One of the cables at the Arecibo Observatory in Puerto Rico popped a few days ago, tearing a 30-meter-long cable in its giant radio antenna. The facility has since, been closed, enough time for engineers to assess the extent of the damage.

The Arecibo, commissioned in 1963, was until 2016 the largest single-dish radio telescope in the world (300 meters in diameter). It has since been dethroned by the Chinese FAST (Five-hundred-meter Aperture Spherical Radio Telescope) radio telescope, located in Guizhou province, its opening of 500 meters.

Since its commissioning, it has enabled the tracking of many asteroids close to Earth. SETI has also relied on it for years to “listen” to the skies for possible signals of extraterrestrial civilizations. In fact, not all of these attempts at communication were one-sided. In 1974, astronomers used the observatory to send the famous “Arecibo Message” to M13, a globular cluster located 25,000 light years from Earth.

The observatory’s fame also extends beyond the scientific community alone. Several scenes from the 1995 James Bond movie “Goldeneye” were notably shot in its enclosure. Arecibo also played a leading role in the science fiction movie Contact (1997), based on the eponymous Carl Sagan novel released in 1985.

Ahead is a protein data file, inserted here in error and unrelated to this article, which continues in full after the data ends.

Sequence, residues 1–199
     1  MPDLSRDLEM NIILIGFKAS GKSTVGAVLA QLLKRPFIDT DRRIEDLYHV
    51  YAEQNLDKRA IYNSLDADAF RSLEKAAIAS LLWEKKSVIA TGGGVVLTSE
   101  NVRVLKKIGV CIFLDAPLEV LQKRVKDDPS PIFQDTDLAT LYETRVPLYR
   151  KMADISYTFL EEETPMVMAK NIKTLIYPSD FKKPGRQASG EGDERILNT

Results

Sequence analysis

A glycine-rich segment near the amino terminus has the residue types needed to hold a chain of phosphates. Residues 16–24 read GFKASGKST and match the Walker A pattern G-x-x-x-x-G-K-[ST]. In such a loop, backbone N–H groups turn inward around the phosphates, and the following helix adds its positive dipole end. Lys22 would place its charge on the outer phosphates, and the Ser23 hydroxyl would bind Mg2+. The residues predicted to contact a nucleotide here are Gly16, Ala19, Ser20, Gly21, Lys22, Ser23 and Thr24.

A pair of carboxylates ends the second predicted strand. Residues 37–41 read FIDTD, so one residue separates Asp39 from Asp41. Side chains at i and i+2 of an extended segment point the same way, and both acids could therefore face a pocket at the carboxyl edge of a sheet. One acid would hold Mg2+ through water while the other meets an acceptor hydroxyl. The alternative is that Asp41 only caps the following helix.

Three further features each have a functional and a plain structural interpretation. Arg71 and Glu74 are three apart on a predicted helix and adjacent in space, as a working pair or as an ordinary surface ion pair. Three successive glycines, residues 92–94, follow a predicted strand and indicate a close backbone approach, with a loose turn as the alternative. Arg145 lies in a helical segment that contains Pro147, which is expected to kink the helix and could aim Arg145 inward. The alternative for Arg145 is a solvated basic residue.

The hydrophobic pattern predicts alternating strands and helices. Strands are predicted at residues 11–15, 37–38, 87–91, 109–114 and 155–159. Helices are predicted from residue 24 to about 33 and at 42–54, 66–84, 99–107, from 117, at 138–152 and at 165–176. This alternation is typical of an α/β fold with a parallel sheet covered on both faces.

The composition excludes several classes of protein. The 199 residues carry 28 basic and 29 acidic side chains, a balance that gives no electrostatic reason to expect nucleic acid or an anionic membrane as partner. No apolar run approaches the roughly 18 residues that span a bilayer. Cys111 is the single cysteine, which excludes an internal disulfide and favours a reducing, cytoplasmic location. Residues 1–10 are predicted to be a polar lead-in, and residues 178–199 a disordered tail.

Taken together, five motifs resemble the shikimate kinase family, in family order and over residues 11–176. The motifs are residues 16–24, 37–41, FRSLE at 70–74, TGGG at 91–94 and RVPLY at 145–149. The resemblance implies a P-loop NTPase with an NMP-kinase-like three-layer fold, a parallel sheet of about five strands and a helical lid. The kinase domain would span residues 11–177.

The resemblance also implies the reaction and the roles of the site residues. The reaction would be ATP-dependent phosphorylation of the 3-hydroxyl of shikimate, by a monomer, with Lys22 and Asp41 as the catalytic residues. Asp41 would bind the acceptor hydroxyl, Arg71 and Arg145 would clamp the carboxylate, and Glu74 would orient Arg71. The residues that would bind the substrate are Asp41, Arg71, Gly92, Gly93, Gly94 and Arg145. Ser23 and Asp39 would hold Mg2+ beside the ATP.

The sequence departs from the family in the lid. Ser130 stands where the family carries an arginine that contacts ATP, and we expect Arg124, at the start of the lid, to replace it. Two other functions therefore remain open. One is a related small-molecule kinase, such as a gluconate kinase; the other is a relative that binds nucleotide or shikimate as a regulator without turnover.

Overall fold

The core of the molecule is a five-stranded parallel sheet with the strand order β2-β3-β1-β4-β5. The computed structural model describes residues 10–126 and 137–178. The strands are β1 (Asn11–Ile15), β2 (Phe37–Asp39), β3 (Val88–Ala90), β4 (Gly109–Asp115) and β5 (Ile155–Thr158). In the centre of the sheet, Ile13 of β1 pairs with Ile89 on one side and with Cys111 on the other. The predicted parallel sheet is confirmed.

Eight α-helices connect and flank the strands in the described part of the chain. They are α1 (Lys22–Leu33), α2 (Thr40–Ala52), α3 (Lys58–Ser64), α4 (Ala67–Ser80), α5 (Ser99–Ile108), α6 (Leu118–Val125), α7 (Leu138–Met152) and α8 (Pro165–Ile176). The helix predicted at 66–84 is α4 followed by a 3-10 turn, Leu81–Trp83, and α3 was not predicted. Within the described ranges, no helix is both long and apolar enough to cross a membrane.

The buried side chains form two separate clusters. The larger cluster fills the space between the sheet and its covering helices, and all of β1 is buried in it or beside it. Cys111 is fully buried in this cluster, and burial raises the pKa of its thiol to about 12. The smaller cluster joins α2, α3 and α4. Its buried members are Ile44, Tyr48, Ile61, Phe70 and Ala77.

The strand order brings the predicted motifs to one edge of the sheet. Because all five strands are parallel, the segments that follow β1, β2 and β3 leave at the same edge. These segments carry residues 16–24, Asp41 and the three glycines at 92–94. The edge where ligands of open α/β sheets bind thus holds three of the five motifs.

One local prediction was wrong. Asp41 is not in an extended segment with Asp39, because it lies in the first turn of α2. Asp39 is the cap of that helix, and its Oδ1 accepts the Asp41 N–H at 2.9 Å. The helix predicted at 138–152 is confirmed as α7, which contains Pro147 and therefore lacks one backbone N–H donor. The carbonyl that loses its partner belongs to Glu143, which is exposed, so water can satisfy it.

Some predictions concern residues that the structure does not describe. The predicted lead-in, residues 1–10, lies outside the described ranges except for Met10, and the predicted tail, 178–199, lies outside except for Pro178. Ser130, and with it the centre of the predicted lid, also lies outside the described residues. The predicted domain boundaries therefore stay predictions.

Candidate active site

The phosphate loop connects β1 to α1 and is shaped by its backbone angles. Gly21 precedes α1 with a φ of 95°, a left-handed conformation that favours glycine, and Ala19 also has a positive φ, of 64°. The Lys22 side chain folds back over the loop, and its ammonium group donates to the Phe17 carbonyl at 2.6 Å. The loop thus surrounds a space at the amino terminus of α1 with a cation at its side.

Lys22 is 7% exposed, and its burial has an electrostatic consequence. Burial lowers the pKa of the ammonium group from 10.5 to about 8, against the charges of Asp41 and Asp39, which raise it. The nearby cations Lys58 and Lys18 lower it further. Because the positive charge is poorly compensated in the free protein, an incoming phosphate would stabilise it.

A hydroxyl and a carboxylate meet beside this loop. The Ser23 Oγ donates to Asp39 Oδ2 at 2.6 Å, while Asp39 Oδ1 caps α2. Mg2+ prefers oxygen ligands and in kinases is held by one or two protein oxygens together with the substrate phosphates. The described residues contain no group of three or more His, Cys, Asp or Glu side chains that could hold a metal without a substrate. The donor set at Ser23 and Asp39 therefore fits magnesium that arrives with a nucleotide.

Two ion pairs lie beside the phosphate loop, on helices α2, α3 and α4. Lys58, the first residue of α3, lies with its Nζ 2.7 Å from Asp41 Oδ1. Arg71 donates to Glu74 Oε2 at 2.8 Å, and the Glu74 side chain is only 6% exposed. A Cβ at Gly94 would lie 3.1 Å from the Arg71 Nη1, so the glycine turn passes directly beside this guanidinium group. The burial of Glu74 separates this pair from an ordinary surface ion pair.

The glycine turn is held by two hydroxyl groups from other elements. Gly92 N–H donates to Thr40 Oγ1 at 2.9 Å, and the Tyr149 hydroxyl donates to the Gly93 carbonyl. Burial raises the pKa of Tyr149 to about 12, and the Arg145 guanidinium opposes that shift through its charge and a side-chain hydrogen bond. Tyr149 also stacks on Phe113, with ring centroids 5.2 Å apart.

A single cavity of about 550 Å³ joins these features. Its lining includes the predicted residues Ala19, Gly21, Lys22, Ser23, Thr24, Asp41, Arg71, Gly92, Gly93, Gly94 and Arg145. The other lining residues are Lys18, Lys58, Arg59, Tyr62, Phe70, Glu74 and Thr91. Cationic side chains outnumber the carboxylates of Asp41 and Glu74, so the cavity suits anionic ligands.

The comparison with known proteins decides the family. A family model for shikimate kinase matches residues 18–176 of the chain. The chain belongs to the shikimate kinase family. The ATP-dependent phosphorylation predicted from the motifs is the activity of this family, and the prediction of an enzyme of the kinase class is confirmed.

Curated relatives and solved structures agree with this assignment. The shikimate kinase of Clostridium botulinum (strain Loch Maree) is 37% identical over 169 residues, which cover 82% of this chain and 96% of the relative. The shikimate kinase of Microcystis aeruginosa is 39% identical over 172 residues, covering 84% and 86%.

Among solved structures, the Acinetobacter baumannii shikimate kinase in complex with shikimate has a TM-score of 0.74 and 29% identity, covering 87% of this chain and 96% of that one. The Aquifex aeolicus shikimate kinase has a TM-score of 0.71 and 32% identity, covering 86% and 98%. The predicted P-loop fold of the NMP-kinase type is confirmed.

Since its inception, the observatory has also faced several threats. The powerful Hurricane Maria, which hit Puerto Rico three years ago, notably forced engineers to take the telescope offline for several months. This time, however, it’s a little more serious. The University of Central Florida, one of the operators of Arecibo, broke the news on its website.

According to engineers, one of the auxiliary cables supporting a metal platform, located above the observatory, broke on Monday, August 10. Following this rupture, a piece of the cable would then have cut the reflector antenna of the telescope for at least 30 meters.

The cause of this cable break and the duration of repair of the telescope is currently unknown.

“We have a team of experts assessing the situation,” Francisco Cordova, director of Arecibo, said in a statement given UCF Today. Our goal is to ensure the safety of our staff, to protect facilities and equipment, and to get the facility back up to speed as soon as possible, so that it can continue to help scientists around the world. “

It remains to be seen how much it will cost to repair the antenna, and whether the various operating agencies will pay for this work. Which is not for granted. Indeed, the observatory had already been in the hot seat for several years due to lack of funding.

The US National Science Foundation (NSF), which manages the facility, said it was trying to find new partners to keep the radio telescope running. It costs around $ 12 million a year to operate it.

Arthur Marquis

Marquis was born in Paris, France and emigrated to United States at the early age of 5. He gained a medical degree from the University of Michigan and has worked as a dermatologist for over 10 years. He covers a wide-range of health related subjects for the Scientific Origin.